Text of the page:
Scientists believe they have revealed one of the key molecular targets that binds to the drug thalidomide to cause birth defects
Scientists in Japan believe they have revealed one of the key molecular targets that binds to the drug thalidomide to cause birth defects. The finding could enable new drugs to be developed that are similar to thalidomide - which is effective in treating certain cancers and leprosy - but without the catastrophic side effects on the developing embryo.
Takumi Ito, of the Tokyo Institute of Technology, and colleagues attached thalidomide to magnetic beads and exposed the immobilised drug to extracts of cells. They found that one particular protein, called cereblon, bound to the thalidomide. Cereblon’s activity is particularly important in limb development.
The team then genetically engineered chicks and zebrafish so that they lacked this protein. Embryos that subsequently developed had similar limb defects to those caused by thalidomide. They also engineered organisms to have a mutated version of the protein which was unable to bind to thalidomide. In these animals the drug did not cause developmental defects in embryos.
Taken together, these findings suggest that the protein needs to be present and functioning to ensure healthy development of the embryo, and that thalidomide interferes with its ability to do this.
Team member Hiroshi Handa says that while he believes that cereblon is the main target for the drug, there could be other protein targets and these could be identified using a similar approach, immobilising thalidomide in a different position and using different preparations of cellular material.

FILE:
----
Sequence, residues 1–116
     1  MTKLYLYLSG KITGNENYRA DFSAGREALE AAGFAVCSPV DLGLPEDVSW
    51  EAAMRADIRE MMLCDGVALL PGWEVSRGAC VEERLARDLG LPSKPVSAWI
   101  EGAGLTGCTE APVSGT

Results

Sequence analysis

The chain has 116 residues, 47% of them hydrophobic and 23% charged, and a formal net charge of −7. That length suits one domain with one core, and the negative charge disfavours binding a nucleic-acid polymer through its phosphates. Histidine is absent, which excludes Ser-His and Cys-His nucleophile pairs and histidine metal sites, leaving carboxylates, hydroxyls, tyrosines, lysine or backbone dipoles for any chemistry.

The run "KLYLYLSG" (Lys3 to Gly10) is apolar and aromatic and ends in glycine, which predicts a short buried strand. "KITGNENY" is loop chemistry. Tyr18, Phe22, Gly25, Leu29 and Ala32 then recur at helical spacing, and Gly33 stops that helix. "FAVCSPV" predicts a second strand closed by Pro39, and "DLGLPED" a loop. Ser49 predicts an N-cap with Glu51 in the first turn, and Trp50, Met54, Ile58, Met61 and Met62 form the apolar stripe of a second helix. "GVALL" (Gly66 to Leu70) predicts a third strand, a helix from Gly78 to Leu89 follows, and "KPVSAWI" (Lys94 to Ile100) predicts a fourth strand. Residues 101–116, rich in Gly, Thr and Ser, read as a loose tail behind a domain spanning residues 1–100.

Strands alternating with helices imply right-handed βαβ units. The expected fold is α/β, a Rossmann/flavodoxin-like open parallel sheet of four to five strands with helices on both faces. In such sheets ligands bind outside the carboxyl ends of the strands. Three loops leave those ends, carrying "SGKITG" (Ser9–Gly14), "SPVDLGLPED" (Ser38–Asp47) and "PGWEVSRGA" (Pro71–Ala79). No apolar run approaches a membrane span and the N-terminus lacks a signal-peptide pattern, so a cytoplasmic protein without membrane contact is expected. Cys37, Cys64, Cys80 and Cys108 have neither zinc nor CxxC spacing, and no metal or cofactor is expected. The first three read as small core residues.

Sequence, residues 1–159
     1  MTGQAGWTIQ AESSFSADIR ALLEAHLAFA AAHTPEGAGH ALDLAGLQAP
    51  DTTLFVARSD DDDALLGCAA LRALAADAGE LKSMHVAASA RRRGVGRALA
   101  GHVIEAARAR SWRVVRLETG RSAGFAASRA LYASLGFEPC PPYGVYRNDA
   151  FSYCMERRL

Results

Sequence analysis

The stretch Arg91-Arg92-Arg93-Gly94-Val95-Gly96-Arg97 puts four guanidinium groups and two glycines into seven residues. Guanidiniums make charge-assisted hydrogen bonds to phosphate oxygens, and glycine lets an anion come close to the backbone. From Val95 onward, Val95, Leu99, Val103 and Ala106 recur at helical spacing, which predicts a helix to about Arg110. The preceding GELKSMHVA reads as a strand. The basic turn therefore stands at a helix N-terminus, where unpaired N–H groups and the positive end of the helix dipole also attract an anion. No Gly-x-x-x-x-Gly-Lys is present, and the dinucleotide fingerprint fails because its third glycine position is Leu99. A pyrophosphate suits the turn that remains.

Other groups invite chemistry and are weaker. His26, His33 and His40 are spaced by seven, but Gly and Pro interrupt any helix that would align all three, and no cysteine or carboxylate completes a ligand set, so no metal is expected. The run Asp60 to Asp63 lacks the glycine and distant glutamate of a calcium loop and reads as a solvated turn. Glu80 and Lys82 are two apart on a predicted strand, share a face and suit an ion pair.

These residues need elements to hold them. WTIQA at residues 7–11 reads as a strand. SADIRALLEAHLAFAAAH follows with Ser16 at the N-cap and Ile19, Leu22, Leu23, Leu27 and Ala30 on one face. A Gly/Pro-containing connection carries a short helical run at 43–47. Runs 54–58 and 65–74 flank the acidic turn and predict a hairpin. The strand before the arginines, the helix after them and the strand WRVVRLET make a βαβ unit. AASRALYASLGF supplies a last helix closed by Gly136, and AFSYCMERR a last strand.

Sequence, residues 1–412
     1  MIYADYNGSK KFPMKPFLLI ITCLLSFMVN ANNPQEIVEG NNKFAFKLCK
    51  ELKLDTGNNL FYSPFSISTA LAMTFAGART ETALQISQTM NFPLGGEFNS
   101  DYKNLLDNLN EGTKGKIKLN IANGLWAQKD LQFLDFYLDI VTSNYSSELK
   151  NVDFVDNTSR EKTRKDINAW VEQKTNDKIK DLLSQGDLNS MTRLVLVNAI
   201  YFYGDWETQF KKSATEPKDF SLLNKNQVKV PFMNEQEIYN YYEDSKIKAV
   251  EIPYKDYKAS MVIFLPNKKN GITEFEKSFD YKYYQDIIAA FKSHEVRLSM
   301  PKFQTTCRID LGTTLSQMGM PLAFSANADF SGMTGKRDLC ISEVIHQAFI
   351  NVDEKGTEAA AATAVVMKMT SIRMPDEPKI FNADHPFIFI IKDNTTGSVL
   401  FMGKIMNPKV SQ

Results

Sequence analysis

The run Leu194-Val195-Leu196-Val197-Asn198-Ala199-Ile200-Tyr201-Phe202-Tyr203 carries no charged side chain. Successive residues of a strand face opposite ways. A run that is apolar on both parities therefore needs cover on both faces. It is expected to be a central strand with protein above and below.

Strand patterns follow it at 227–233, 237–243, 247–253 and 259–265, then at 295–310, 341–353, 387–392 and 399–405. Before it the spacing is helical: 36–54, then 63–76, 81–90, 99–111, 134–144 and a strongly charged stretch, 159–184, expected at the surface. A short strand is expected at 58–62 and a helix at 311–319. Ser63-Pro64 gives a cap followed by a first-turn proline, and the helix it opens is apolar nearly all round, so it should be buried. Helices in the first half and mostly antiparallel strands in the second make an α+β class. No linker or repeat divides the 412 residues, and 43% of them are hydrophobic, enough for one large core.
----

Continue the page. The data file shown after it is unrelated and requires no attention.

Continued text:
The work provides a key step towards understanding the mechanism of action of thalidomide, which could lead to the development of similar drugs that do not interfere with cereblon.
Neil Vargesson, a developmental biologist at the University of Aberdeen in the UK, has researched how thalidomide affects embryonic development. ’The significant thing about this work is that it identifies a binding protein and shows that it can cause thalidomide-like defects,’ he says. ’What needs to be done now is to determine how disruption of the protein causes defects in living organisms.’
Vargesson adds, ’personally I think it is the antiangiogenic action [inhibition of the formation of new blood vessels] of the drug that causes embryonic defect by affecting or targeting something in the endothelial cell - which my research group is actively seeking presently. This new research begs the question that the "something" could be cereblon.’
T Ito et al, Science, 2010, DOI: 10.1126/science.1177319